Did the overharvesting of sea cucumbers make coral less resistant to pathogens.


Grayson, N.,Clements, C. S.,Towner, A. A.,Beatty, D. S., andHay, M. E.


Coral Reefs


Detritivore sea cucumbers appear to have been abundant on historic tropical reefs, but (1) have been heavily exploited since at least the mid-1800s, (2) often show minimal recovery post-harvest, and (3) are relatively depleted from modern marine communities. Because they were more abundant, fed on bacteria, microalgae, and other organics, and processed tremendous masses of sediments, removing these detritivores from tropical seas may have suppressed removal of sedimentary pathogens, and impacted co-occurring species in ways that are not documented. We conducted enclosure and exclosure experiments of the sea cucumber Holothuria atra in a back reef lagoon in Moorea, French Polynesia and found that excluding this sea cucumber increased a measure of sediment surface pigmentation by about 10 9 but also decreased the potency of extracts from a co-occurring coral (Acropora cytherea) against the heat-activated coral pathogen Vibrio coralliilyticus by a significant 52%. This suggests that the large-scale removal of detritovores from shallow tropical seas may make some co-occurring foundation species more susceptible to pathogens during periods of elevated temperatures or other stresses.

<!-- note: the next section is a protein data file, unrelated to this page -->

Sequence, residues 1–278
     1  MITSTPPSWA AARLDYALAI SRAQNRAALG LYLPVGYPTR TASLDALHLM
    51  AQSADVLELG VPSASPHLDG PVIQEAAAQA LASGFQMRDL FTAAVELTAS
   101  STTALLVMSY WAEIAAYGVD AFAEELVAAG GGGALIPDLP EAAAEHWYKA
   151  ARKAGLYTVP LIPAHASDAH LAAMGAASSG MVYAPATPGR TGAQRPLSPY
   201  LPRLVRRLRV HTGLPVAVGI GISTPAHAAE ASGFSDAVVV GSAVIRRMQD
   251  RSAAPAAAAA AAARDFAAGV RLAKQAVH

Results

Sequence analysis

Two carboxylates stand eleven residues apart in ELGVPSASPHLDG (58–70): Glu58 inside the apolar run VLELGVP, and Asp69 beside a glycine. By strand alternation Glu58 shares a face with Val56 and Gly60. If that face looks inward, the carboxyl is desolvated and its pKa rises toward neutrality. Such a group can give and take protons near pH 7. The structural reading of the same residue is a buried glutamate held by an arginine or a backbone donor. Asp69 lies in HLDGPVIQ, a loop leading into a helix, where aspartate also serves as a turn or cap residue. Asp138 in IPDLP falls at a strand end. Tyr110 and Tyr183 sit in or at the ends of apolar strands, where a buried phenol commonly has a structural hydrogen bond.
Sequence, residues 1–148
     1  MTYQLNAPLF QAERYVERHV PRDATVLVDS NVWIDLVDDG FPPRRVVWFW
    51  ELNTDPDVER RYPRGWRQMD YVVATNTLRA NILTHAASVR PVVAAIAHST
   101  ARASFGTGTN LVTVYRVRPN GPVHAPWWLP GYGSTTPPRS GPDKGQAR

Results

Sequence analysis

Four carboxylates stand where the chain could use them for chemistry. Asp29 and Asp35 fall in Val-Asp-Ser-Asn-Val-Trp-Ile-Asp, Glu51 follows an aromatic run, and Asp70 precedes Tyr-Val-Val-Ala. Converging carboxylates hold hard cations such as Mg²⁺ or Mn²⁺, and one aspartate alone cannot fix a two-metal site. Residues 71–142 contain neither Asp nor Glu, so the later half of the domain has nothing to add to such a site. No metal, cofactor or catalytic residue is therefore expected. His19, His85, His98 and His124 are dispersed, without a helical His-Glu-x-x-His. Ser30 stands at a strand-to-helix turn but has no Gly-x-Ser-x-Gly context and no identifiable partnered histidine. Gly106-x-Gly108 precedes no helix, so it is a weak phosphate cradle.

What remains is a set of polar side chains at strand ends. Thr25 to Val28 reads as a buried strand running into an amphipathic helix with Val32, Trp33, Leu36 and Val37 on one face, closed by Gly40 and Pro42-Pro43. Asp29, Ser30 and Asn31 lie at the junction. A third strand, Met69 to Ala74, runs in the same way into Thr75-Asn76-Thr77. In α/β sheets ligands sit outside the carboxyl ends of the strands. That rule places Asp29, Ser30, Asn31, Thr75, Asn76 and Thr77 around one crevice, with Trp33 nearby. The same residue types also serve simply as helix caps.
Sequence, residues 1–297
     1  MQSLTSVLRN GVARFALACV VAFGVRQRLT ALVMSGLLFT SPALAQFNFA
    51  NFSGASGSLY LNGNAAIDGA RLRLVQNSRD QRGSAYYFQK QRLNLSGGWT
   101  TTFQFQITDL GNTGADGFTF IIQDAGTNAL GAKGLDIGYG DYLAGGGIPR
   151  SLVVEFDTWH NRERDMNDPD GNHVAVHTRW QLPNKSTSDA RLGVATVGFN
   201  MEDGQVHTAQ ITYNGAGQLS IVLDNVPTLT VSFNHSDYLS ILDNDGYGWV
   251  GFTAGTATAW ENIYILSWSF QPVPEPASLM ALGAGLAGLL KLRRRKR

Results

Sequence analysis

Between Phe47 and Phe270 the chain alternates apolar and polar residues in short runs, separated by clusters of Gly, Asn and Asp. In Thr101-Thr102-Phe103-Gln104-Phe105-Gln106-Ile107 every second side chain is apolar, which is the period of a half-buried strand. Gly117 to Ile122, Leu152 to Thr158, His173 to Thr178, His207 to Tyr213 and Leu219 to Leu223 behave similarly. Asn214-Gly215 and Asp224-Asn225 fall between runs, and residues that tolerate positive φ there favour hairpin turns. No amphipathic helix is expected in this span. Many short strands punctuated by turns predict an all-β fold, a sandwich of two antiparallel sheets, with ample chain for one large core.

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Journal Article

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